# Residential Battery Storage

The battery storage technologies do not calculate LCOE or LCOS, so do not use financial assumptions. Therefore all parameters are the same for the R&D and Markets & Policies Financials cases.

The 2023 ATB represents cost and performance for battery storage with a representative system: a 5-kW/12.5-kWh (2.5-hour) system. It represents only lithium-ion batteries (LIBs) - those with nickel manganese cobalt (NMC) and lithium iron phosphate (LFP) chemistries - at this time, with LFP becoming the primary chemistry for stationary storage starting in 2021. There are a variety of other commercial and emerging energy storage technologies; as costs are characterized to the same degree as LIBs, they will be added to future editions of the ATB.

The National Renewable Energy Laboratory's (NREL's) Storage Futures Study examined energy storage costs broadly and specifically the cost and performance of LIBs (Augustine and Blair, 2021). This report is the basis of the costs presented here (and for distributed commercial storage and utility-scale storage); it incorporates base year battery costs and breakdown from (Ramasamy et al., 2022) that works from a bottom-up cost model. The bottom-up battery energy storage systems (BESS) model accounts for major components, including the LIB pack, inverter, and the balance of system (BOS) needed for the installation. However, we note though that, during the time elapsed between the calculations for the Storage Futures Study and the ATB release, updated values were calculated as more underlying data were collected. Though these changes are small, we recommend using the ATB data rather than those published with the Storage Futures Study.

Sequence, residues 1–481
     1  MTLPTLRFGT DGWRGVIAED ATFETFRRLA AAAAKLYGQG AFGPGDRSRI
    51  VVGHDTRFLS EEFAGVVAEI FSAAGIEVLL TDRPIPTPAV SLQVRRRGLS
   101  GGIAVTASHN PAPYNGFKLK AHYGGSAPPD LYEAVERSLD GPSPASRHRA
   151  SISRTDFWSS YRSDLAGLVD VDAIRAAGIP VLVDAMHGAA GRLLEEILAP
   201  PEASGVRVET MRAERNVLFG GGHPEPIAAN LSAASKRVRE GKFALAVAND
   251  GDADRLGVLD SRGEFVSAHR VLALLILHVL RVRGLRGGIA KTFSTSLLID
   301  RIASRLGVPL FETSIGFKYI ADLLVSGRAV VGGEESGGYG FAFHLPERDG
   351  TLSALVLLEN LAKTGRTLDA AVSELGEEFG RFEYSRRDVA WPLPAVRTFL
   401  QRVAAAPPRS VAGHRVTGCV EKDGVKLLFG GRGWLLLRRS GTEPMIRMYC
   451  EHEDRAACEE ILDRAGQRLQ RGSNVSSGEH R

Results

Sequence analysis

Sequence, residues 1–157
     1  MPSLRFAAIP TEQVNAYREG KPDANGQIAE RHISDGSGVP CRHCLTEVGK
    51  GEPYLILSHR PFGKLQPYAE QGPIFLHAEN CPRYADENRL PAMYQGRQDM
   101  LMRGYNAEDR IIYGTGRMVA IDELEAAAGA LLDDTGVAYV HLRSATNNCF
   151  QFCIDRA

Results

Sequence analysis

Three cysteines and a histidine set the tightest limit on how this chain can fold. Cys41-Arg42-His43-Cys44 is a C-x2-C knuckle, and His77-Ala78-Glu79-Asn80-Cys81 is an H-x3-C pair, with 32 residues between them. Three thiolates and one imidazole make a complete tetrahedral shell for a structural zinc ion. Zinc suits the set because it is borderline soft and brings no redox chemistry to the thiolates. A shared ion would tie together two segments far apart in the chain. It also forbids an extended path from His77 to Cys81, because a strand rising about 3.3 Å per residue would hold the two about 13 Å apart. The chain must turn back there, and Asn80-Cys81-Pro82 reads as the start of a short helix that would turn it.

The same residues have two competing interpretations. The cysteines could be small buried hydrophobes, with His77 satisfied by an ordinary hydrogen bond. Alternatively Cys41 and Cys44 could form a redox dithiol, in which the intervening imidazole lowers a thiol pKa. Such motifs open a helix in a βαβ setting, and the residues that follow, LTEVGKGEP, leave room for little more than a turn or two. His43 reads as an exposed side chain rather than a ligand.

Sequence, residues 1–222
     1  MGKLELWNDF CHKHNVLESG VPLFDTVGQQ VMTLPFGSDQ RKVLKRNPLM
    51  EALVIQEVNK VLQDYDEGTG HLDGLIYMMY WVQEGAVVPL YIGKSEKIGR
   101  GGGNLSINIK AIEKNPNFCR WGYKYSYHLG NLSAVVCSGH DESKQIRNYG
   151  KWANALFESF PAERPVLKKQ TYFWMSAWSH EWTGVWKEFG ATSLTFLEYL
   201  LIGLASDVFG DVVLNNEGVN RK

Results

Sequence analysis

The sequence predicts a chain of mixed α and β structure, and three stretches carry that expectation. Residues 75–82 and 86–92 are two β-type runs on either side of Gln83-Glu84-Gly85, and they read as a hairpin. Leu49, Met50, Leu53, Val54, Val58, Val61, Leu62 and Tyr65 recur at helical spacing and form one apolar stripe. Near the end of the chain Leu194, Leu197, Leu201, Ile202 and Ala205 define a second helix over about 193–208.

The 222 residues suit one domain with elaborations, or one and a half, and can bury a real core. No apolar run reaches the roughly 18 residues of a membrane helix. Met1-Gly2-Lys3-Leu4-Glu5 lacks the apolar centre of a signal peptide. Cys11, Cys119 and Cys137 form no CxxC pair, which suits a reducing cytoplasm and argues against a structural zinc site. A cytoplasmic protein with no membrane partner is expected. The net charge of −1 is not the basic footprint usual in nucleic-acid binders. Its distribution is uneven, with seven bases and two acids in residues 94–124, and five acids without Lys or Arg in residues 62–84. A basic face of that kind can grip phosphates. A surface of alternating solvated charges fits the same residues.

2021 costs for residential BESS are based on NREL’s bottom-up BESS cost model using the data and methodology of (Ramasamy et al., 2022), who estimated costs for only AC coupled systems. We use the same model and methodology, but we do not restrict the power or energy capacity of the BESS to two options. Key modeling assumptions and inputs are shown in Table 1. We assume 2022 battery pack costs of $283/kWh_{DC} 2021 USD (Ramasamy et al., 2022).

Model Component | Modeled Value | Description |

System size | 5 kW power capacity 2.5 E/P ratio | Battery capacity is in kW E/P is battery energy to power ratio and is synonymous with storage duration in hours. |

Battery pack cost | $283/kWh | Battery pack only (BNEF, 2021) |

Battery-based inverter cost | $183/kWh | Assumes a bidirectional inverter (BNEF, 2020), converted from $/kWh for 5 kW/12.5 kWh system |

Supply chain costs | 6.5% (U.S. average) | Markup is estimated from cost of battery, battery inverter, and BOS. |

Installation labor cost | $34.7/hour for hardware installation and electrical work | Assumes U.S. average pricing |

Engineering fee | $95 per system design | Engineering design and professional engineer-stamped calculations and drawings |

Permitting, inspection, and interconnection | $1,633 including $286 permit fee per system | Includes commissioning and interconnection labor, and permitting fee |

Sales and marketing (customer acquisition) | $3,851 per system installation | Assume per closed sale, associated with selling a storage system versus selling a PV system. |

Overhead (general and administrative) | $2,285 per system installation | Rent, building, equipment, staff expenses are not directly tied to permitting, inspection, and interconnection; customer acquisition; or direct installation labor. |

Profit | 17% | A fixed percentage margin is applied to battery, battery inverter, BOS, installation labor, supply chain, and sales tax. |

As with utility-scale BESS, the cost of a residential BESS is a function of both the power capacity and the energy storage capacity of the system, and both must be considered when estimating system cost. Furthermore, the Distributed Generation Market Demand (dGen) model does not assume specific BESS system sizes, and it needs an algorithm to estimate residential BESS system cost based on the attributes of the residences (agents) it generates.

We develop an algorithm for stand-alone residential BESS cost as a function of power and energy storage capacity using the NREL bottom-up residential BESS cost model (Ramasamy et al., 2022) with some modifications.

## Scenario Descriptions